With a continued strong growth trajectory, Pakistan’s Islamic banking industry is estimated to materially outpace conventional banking by 2026, according to Moody’s Investors Service.
This may come true during the timeframe given by Moody. But, the bigger issue that the report fails to mention is whether Islamic finance will be able to help reduce poverty in the country. We strongly believe that reducing poverty in a society should be one of the primary goals of Islamic finance.
So far, Islamic finance policymakers have failed to deliver on this promise.
“Huge growth over the past decade shows no signs of slowing. The Islamic banking industry in Pakistan has grown by 24 percent a year on average over the last decade, expanding by 30.6pc in 2021 alone,” said Moody’s in its latest report on Tuesday.
“We expect growth in Islamic banking to continue to materially outpace conventional banking, reaching a market share of total assets and deposits of around 30pc by end 2026, with net financings market share at around 33pc,” it said attributing this growth to a combination of a predominantly Muslim population, still modest financial inclusion, and the commitment of the government and regulators as the key driving forces.
It said Islamic banking assets grew by an average of 24pc per annum over the past decade to Rs5.577 trillion ($31.2bn), accounting for around 19pc of total banking assets, up from 8pc (Rs641bn) in 2011. It forecast annual growth of over 25pc over the next five years, pushing up the sector’s market share to around 30pc.
Moreover, financial inclusion in the country is still modest, despite recent progress; according to the State Bank of Pakistan (SBP), approximately 62pc of the country’s adult population have an account with a formal financial institution, against an average of 95pc in high-income countries.
The combination of these factors provides the bedrock for the industry’s development. Past studies have also identified an overwhelming demand for Islamic banking products, with religious considerations an integral part of the decision process.
Deposits of the Islamic banking industry also stood at Rs4.211tr, holding a 19.4pc market share, with an average annual growth of 23pc over the period. Net financings amount to Rs2.597tr, or a 25.7pc of market share, and have grown even faster than deposits, reaching an average expansion of 29pc over the past decade.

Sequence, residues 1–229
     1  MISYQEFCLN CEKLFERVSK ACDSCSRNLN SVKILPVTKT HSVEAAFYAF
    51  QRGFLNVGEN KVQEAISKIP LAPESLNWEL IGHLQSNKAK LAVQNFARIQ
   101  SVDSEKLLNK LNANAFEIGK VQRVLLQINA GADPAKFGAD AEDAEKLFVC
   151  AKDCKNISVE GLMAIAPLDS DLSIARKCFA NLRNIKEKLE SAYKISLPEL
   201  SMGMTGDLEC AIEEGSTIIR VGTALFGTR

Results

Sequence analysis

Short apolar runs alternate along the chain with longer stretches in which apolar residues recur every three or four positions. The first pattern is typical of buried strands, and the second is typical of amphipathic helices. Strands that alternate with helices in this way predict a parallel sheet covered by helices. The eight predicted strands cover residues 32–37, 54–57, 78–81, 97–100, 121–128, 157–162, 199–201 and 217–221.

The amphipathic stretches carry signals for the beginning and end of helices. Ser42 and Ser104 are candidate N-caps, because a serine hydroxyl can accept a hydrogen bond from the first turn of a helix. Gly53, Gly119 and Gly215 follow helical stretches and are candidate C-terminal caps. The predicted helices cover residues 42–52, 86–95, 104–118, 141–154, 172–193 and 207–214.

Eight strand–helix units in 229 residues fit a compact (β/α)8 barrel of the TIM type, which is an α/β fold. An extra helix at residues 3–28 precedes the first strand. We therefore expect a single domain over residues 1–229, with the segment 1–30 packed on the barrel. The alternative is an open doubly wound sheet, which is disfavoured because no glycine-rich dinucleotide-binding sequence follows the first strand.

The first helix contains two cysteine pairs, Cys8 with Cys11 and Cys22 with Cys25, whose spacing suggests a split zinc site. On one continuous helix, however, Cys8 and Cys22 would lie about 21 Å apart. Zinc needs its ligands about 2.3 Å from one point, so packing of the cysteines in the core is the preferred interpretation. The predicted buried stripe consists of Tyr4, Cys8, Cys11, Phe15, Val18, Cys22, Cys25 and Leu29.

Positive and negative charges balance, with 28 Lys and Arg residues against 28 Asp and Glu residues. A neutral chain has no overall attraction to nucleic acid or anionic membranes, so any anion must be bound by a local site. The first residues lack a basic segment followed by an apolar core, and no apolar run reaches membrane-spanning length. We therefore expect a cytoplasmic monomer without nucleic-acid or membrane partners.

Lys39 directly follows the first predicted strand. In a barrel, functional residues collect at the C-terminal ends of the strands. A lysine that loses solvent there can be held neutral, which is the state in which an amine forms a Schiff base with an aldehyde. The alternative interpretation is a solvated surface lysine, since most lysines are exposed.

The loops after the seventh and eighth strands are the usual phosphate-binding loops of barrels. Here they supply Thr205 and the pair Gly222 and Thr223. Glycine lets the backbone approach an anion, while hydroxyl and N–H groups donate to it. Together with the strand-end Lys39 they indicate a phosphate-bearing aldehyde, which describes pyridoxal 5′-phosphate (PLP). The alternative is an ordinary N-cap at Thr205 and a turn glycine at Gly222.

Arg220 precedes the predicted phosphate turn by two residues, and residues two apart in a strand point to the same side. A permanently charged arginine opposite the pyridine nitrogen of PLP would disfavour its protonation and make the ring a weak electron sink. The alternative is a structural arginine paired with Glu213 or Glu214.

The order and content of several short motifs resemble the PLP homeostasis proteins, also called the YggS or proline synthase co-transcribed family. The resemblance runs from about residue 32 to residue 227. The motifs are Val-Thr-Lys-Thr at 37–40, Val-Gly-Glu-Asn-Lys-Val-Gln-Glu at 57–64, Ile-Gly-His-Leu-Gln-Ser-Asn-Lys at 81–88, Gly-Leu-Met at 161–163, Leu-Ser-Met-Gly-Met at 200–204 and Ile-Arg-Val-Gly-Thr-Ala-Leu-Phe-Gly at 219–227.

Moody’s noted that the outperformance of financings was likely driven by the more limited availability of Shariah-compliant liquidity products as well as strong demand for financing products.“We estimate average growth over 2021-2026 to range between 25pc-28pc for total assets and deposits, and over 20pc for net financings. The Islamic banking industry’s growth will continue to outpace system growth, and its market share will grow further.
The Islamic banking industry in Pakistan comprises 22 Islamic banking institutions, consisting of five fully-fledged Islamic banks and 17 conventional banks that have Islamic banking branches. A total of 3,956 branches were in operation as of December 2021, with an additional 1,442 Islamic banking windows (dedicated counters at conventional branches). In 2021, 500 branches were added. Moody’s expected at least a similar number of new branches to be added yearly over the next five years.
Increasing the use of digital and electronic channels will also support the industry’s growth. Given the industry’s growth potential and strong financial performance, “we expect more banks to apply for Islamic banking licenses and for conventional banks to convert to fully Islamic banks” as recently Faysal Bank Ltd, a mid-sized bank with around 3pc market share, started the process of converting conventional banking to Islamic.
Not only the solid financial performance, but Islamic banking institutions in Pakistan are also more profitable than their conventional counterparts and their loan performance is better. For 2021, they reported a return on assets of 1.3pc and a return on equity of 21.4pc, compared to 1pc and 14.1pc for conventional banks.
The difference in profitability was due to lower loan-loss provisioning needs at the Islamic banks, given their better loan quality and their lower funding costs. Similarly, non-performing finances (NPFs), the equivalent to non-performing loans in conventional banking, stand around 2.7pc of gross financings, well below the market average of 7.9pc.
Superior loan performance reflects both a lack of legacy problem loans and financings and the banks’ recent aggressive growth, which has increased the denominator of the ratio and indicates their financings have still to be tested in a downturn. Islamic banking institutions do, however, maintain slightly lower capital and liquidity buffers.
Lower liquidity reflects Islamic banks’ higher proportion of financing-to-deposits (at 62pc, against 47pc for conventional banks), but also the historically more limited availability of Shariah-compliant liquidity products, although this has been gradually improving.
At the same time, the report highlighted that Islamic banking institutions perform better in terms of asset quality and profitability, but have lower capital and liquidity levels.